You reach the trailhead and now, with your pack on your back, are ready to hike into the jungle. The loud “gwack” of a Great Green Macaw is heard over the canopy. The sense of approaching a Harpy Eagle nest becomes even more real as the rainforest welcomes you with towering trees, screaming cicadas and smells of rain and rapid decomposition.
With your guide and local indigenous community members, who know these forests and trails incredibly well, you venture further into the rainforest. Huge emergent trees come into view, ideal with radiating branches and a central bulky center perfect for the nest of a large raptor. A slow birding walk is not your priority right now, for the dream of seeing a Harpy Eagle in the wild is becoming real. Forest streams trickle by, and your feet may get a little wet from stream crossings along the trail. You watch for an elusive Agami Heron standing motionless along these quiet streams. Walking at a good pace, a long hike passes quickly with the building anticipation as you approach the nest site. Before you know it, you arrive.
Finding a Grail Bird in the Rainforest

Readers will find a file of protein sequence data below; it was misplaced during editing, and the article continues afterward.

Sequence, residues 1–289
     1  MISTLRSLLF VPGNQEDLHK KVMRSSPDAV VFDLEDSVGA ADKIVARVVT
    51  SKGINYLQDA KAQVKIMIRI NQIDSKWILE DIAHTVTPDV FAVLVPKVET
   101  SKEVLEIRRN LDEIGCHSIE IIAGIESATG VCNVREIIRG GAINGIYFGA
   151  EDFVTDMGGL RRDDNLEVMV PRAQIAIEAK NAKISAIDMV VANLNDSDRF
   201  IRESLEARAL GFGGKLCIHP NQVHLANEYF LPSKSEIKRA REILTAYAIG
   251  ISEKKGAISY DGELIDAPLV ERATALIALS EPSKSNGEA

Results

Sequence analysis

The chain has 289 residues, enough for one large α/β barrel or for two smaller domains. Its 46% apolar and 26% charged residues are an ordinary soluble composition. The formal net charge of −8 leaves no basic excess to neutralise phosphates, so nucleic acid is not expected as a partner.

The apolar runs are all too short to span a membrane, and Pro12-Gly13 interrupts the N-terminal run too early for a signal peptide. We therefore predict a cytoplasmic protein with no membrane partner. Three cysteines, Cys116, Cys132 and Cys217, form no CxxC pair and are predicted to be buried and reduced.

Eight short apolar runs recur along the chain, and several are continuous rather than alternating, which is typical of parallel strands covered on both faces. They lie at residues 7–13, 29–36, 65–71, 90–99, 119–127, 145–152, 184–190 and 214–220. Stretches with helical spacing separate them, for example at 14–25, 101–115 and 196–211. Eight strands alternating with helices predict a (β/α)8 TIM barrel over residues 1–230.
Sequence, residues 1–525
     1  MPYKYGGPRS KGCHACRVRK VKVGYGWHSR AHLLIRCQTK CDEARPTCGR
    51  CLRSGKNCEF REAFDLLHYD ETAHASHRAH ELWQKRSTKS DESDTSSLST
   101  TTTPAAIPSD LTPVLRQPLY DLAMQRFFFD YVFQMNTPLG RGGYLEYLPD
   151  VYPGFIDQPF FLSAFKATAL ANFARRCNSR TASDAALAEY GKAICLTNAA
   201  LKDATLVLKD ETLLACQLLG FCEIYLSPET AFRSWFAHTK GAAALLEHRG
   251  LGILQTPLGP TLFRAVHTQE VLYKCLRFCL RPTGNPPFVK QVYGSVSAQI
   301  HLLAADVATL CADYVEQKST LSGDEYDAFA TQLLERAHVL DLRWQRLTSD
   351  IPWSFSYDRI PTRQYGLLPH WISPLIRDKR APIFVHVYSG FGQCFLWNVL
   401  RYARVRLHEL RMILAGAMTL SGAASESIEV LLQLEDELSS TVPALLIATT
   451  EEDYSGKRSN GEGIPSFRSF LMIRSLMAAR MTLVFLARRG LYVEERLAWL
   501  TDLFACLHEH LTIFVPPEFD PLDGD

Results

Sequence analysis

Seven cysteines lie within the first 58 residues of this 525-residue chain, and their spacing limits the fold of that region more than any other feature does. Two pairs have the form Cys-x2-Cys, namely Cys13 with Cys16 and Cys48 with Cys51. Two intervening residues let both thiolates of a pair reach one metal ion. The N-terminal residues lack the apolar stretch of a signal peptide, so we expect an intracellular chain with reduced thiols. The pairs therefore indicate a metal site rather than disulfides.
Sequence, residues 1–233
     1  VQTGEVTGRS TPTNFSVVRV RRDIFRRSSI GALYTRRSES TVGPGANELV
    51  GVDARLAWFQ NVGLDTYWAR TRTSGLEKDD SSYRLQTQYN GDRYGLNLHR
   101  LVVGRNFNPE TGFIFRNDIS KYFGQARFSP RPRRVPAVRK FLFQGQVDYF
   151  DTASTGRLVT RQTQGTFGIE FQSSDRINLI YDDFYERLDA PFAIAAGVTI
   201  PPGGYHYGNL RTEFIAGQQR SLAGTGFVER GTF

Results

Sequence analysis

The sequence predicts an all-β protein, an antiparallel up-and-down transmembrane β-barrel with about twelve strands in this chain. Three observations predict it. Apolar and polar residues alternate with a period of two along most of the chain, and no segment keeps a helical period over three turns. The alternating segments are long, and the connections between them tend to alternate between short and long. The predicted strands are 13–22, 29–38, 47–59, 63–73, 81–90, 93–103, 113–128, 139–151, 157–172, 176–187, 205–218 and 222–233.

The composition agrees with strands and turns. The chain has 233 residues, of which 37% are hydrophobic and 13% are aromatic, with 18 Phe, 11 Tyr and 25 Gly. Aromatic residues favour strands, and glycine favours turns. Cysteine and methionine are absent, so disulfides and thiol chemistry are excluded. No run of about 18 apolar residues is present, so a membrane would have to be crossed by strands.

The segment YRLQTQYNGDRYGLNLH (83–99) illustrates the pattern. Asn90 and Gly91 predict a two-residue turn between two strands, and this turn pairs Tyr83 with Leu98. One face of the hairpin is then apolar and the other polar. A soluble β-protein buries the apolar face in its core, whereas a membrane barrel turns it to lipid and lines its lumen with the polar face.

After a morning full of adventure, excitement, and anticipation, your guide points to a gap in the dense rainforest canopy. You can see an impressive crown of a Cuipo tree, with its huge bare branches radiating off its thick trunk. This is the preferred nesting tree of the Harpy Eagle in eastern Panama. In the crook of the tree, you notice a large stick nest, and moments later, the white, fluffy tufts of feathers of a young Harpy Eagle. It lifts its head, giving you a first look at a wild Harpy Eagle in its nest. With the eaglet around 3 months old or younger, the adult Harpy Eagles are likely nearby. You wait, taking in every movement the eaglet makes from a ground blind placed at a safe distance from the nesting tree. The eaglet patiently waits too, for one of its parents to bring it breakfast.